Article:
Getting to and around Estonia is pretty straightforward with a number of direct routes to key destinations in Estonia. Here’s a crash course to everything you need to know about Estonia before taking off including the local currency, time zone, public holidays and transport.
Travelling to Estonia is quick and convenient thanks to frequent connections with Scandinavia, Russia, Eastern and Central Europe. You can fly to Tallinn with a number of direct routes from Amsterdam, Frankfurt, Istanbul, London, Paris, Vienna and many other cities. Ferry routes connect Tallinn with Helsinki and Stockholm. You can also take a ferry roundtrip to St. Petersburg via roundtrip through Scandinavia. You can arrive to Estonia by train from St. Petersburg, Moscow and Riga. Driving is another hassle-free way to travel to Estonia from Russia and Latvia.
Major international companies offer rental car services in Tallinn and you can hop on a rental upon your arrival in Tallinn Airport. This is a great way to discover gems along the way, including small towns and national parks.
Nordica plane in Tallinn airport
Citizens of Australia and New Zealand do not need a visitor visa to visit Estonia. Please consult the Estonian Ministry of Foreign Affairs website for a full list and details. If you do require a Schengen area visa, you can submit an application at an Estonian representation abroad. If there is not an Estonian embassy or consulate in your country, you can apply at the office of a Member State representing Estonia in issuing visas.
Photo: Martti Volt, Visit Estonia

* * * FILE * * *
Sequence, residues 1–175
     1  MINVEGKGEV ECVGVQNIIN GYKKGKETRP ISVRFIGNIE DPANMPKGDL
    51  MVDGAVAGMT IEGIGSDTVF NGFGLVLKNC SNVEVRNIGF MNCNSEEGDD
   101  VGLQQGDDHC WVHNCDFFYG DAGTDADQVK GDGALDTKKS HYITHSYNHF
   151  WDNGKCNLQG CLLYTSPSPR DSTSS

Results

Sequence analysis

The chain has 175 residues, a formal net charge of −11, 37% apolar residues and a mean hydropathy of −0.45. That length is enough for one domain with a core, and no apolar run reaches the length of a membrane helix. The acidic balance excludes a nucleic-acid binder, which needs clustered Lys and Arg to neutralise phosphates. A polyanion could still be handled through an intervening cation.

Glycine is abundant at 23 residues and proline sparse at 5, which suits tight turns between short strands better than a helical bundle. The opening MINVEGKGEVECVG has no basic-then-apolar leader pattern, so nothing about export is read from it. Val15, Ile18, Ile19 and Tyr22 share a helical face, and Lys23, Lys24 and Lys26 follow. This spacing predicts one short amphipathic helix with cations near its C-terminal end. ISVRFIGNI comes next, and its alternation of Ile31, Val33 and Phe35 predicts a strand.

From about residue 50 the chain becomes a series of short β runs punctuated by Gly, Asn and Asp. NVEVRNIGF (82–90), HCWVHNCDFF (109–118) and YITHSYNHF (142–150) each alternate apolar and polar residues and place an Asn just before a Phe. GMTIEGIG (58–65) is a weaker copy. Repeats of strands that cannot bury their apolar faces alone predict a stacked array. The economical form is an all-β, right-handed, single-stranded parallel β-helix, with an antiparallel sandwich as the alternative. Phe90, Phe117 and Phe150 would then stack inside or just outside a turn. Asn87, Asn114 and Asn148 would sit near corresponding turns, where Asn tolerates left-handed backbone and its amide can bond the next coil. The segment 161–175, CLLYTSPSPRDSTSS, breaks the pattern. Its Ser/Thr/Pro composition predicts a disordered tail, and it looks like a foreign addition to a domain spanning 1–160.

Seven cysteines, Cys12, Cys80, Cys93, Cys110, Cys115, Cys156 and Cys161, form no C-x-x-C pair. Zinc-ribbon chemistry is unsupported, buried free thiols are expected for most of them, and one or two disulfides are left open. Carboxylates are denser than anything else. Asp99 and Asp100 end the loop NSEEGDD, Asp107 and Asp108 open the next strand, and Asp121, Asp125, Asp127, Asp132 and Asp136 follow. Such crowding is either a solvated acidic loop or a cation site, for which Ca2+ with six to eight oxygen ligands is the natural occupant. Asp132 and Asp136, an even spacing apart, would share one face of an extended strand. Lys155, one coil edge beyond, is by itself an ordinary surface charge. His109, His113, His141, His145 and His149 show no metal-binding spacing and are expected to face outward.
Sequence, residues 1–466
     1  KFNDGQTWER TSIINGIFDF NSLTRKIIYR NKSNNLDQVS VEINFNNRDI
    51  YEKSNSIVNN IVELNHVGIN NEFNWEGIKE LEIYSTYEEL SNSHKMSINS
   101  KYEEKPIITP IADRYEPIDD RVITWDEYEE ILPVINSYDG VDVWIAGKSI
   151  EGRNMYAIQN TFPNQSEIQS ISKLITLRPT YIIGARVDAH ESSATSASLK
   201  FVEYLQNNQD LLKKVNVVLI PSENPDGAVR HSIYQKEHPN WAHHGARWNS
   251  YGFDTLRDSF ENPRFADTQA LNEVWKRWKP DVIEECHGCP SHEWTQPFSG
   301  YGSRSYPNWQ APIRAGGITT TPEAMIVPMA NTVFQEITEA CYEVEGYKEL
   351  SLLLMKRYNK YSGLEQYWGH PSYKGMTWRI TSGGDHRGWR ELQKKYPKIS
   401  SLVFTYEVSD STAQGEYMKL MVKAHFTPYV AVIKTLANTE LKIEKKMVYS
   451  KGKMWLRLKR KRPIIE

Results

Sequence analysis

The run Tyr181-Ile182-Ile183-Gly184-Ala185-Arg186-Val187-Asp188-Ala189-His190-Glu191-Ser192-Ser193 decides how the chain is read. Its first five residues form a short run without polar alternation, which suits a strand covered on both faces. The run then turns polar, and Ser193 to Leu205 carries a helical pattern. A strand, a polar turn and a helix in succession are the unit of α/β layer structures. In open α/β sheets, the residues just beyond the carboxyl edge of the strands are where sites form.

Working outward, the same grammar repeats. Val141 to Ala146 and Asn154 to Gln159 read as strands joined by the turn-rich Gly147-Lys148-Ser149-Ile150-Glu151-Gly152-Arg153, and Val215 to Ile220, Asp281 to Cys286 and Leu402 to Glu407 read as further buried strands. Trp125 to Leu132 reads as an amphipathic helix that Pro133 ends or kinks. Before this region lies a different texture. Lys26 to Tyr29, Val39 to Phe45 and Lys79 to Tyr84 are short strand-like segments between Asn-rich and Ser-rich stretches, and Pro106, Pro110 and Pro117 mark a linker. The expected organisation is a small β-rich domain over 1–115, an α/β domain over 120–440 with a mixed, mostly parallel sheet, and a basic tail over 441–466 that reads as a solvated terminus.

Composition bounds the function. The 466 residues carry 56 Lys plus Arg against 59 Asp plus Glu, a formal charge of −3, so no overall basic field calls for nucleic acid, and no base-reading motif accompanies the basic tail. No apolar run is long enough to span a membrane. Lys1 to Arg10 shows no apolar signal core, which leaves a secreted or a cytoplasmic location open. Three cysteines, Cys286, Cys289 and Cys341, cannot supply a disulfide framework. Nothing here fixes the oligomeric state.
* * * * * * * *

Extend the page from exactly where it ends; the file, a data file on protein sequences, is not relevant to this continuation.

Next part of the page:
There is a wide variety of local transport options available in Estonia. For cross country coach routes, schedules and tickets visit T-pilet.ee.
For train routes and tickets, please visit Elron.ee. For information about domestic ferries to the most popular islands such as Saaremaa, Hiiumaa, Kihnu, Vormsi, Manilaid, Ruhnu, Aegna, Piirissaar and Prangli see praamid.ee, Veeteed.com and Tuuleliinid.ee. There are also domestic flights from Tallinn to the island towns of Kuressaare and Kärdla. Most buses and trains have free Wi-Fi.
There is a direct tram line from Tallinn Airport to the city centre (line number 4). Bus number 2 connects the port with Tallinn airport. Trams only operate in Tallinn.
For Tallinn public transport routes and schedules, please visit transport.tallinn.ee. Tickets can be purchased in cash from the drivers and a prepaid Smartcard (Ühiskaart) can be bought and reloaded online or at a number of supermarkets, kiosks, and post offices. Taxi rates vary by company but are posted on a yellow sticker in the right rear window of each vehicle. You can easily order taxis and verified private drivers via the Bolt and Uber mobile app.
Transportation in Tallinn
Photo: Tallinn City Tourist Office & Convention Bureau
Estonia has right-hand traffic and an extensive road system. The speed limit in the countryside is 90 km/h and 50 km/h in urban areas unless specified otherwise. Sometimes the speed limit is lowered due to security reasons to 70 km/h. Estonian highways tend to be narrow, therefore it’s important to pay attention to the speed limits and to pay extra attention when overtaking. Speed cameras are common in Estonia and speeding is rarely tolerated. While driving in Estonia, all passengers are expected to wear seat belts and lights must be switched on at all times. A child safety seat must be installed for toddlers. Estonian laws against driving under the influence of alcohol are strict and follow a zero-tolerance policy. Parking tends to be free for the first 15-minutes at certain times of the day in Tallinn and Tartu, but there needs to be a clear indication of the start time visible to the parking officer. Shopping mall parking lots tend to be more flexible (free for up to 4 hours). There are also secured paid bicycle racks available in Tallinn city center.